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A report on “Creating a Sustainable Business”.

The iZindaba Zokudla Virtual Farmers’ Lab 30 March 2022

This was our 4th delivery of the course Nxazonke – all around – for the development of Circular and Sustainable Enterprises.

The key highlights of this session include the following:

Naudé looked at the Beegin Beehives (see: https://www.beegin.co.za/), Food Forests (see: https://foodsystemsjournal.org/index.php/fsj/article/view/1043) and Backsaver Farming Equipment (see: https://www.backsaver.co.za/).

The key observation about these contributions is that the technologies and activities converge at a point where sustainability outcomes become visible. Sustainability emerges when one thing creates value at multiple points in the system. The design of technology creates benefits if we can also change people’s behaviour so they can incorporate both these technologies and new behaviour into their lives. The use of Backsaver’s technologies incurs financial savings. However, the use of this technology also creates employment opportunities. However, it is unclear if Backsaver technologies bring into view agro-ecology, so at this point the technology does not converge with broader sustainability outcomes.

If we look at the Beegin Beehives, we immediately see the enterprise sells the technology as a Royalty-free manufacturing system. Beegin probably makes its revenue by selling enough of the moulds, and this is the business model. This however converges now with local manufacturing, and the use of locally available materials (it is not essential to use vermiculite and the beehive could be made with “normal” concrete as well). This brings savings in transport and decentralised manufacture could stimulate the development of a local sector of honey production.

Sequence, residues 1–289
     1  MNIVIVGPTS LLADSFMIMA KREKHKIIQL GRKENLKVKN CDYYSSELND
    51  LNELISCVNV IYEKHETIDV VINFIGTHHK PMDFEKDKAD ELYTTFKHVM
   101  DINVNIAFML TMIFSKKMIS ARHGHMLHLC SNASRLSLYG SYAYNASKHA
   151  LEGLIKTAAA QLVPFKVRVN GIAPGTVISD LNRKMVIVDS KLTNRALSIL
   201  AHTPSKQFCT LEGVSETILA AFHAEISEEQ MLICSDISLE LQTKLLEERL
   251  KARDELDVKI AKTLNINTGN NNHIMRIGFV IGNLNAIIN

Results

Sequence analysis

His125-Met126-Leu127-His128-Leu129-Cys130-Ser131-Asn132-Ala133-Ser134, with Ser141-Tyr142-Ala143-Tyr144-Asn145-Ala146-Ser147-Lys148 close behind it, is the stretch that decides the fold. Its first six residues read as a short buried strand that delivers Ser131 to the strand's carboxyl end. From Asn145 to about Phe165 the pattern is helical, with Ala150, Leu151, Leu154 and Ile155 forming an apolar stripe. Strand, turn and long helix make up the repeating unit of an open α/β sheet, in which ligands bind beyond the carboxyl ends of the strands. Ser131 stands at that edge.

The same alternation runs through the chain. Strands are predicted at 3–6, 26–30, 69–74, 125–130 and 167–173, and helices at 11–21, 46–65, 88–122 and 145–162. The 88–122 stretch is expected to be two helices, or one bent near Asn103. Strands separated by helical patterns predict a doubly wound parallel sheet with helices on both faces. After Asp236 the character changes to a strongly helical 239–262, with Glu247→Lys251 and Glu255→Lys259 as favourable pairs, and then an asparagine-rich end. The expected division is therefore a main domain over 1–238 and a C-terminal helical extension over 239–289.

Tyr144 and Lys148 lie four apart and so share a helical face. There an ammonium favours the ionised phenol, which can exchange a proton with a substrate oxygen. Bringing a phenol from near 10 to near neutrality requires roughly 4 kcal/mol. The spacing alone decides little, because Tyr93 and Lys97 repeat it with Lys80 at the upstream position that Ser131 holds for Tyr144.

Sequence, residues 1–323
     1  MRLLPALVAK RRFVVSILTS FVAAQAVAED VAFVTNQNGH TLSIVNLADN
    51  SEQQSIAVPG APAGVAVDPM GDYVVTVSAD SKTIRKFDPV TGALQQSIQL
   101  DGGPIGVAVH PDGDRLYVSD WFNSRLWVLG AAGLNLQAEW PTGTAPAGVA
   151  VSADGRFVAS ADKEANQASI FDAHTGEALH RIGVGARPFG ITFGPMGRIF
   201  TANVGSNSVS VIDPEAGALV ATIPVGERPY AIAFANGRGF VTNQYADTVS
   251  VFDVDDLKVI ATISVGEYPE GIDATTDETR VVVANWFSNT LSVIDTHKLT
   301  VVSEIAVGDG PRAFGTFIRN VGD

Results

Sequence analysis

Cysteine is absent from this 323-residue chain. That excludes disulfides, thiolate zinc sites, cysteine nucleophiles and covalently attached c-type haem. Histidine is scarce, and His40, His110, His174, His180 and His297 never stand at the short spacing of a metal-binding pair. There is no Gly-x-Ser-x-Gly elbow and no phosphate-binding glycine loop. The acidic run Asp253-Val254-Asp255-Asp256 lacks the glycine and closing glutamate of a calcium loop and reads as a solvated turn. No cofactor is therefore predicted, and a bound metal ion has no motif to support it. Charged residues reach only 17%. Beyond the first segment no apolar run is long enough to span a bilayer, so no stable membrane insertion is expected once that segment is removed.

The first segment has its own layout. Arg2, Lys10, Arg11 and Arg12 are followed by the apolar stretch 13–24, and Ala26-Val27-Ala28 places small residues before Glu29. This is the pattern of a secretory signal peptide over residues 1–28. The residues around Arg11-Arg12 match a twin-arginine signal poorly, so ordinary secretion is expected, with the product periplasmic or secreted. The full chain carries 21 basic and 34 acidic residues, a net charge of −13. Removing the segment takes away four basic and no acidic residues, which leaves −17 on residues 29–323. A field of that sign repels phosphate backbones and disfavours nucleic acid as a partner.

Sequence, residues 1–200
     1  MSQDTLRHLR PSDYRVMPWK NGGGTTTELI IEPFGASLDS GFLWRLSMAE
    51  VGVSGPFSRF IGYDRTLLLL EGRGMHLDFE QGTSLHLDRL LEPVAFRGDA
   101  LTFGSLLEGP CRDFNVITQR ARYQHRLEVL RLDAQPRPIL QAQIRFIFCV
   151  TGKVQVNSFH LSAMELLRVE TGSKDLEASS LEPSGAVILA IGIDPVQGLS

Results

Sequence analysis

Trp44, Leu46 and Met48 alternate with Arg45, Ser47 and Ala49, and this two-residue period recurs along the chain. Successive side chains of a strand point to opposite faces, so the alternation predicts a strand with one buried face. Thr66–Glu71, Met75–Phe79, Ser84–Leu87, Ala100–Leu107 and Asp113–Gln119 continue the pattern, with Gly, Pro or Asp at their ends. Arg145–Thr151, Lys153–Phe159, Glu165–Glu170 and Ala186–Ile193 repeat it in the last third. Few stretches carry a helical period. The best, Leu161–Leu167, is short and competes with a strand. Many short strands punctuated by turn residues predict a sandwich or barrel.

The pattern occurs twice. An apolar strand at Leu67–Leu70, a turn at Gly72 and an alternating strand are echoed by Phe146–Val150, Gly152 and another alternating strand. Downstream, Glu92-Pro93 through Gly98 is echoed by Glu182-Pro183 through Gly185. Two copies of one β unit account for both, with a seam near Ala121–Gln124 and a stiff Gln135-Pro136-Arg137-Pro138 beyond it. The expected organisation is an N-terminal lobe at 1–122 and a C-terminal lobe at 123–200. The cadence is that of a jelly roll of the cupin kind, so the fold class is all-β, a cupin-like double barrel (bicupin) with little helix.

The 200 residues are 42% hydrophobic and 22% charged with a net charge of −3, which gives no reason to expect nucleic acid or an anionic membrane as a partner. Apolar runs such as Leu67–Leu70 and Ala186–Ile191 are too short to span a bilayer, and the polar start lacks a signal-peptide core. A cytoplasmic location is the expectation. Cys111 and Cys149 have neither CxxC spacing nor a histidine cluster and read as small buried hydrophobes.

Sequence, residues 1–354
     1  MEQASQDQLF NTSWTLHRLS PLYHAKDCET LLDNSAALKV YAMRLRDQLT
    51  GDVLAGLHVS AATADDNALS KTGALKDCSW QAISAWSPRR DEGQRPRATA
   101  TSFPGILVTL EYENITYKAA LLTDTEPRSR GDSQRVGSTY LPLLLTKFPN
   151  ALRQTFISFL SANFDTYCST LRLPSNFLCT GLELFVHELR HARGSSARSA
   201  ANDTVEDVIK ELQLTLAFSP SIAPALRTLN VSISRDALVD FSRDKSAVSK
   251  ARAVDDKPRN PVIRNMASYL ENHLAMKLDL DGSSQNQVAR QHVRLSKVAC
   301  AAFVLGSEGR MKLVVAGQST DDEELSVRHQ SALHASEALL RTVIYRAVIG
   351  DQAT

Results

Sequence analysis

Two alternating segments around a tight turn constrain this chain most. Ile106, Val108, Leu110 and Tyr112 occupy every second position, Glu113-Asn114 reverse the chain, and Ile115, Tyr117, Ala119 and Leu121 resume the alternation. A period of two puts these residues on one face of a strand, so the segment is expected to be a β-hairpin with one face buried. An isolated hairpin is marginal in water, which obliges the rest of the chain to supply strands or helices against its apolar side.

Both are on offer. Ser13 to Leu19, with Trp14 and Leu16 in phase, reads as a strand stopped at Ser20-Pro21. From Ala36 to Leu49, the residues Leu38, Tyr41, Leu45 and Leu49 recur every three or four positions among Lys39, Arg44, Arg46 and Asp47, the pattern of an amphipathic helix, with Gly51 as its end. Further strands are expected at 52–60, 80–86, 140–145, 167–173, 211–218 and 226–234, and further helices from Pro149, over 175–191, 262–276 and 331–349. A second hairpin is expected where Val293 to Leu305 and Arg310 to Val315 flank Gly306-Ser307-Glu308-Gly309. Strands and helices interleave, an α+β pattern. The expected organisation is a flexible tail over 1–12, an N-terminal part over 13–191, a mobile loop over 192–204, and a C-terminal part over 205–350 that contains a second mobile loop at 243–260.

When we take a look at how successful Food Forests have been implemented two features stand out. The first is that the entrepreneurs building Food Forests used social methods – events, volunteers, partners and networks, in conceptualising, designing and implementing these Food Forests as enterprises. The idea for the forests was conceptualised in an event when multiple partners were linked and some of them gave their services (as consultancy services) to the implementers. This activity of implementing with all partners present build synergies and social capital amongst participants.

The next observation is that the Food Forests were all designed. This includes the ecological design of the food forest, but also the design of engagement events and the partnerships. Hence, the implementers were in control over most of the activities that gave rise to the Forest. Urban farmers and caterers can learn from this way of implementing an enterprise, and this immediately bring the community into the enterprise, maximising the acceptance of the enterprise by the community.

Juanita continued the session with a look at a workbook that helps urban farmers to construct a business plan. We are making available the free to download workbook in this regard. Urban emergent entrepreneurs have to download the workbook and go through all the stages in the book and write their own business plans. A Business plan is primarily there to guide the entrepreneur to stay on the designated course in setting up the business. Sometimes it is useful to solicit support and funding, but the key in finding finance would rather be the presentation of records and an income and expenditure statement.

Please do see if you can download the workbook and let us know if this is useful.

It is available here:


1.urban_farm_business_plan_handbook_091511_508
.pdf
Download PDF • 1.57MB

We will meet again on the 20th of April when we will be focusing on how to develop the individual systems in your enterprise.

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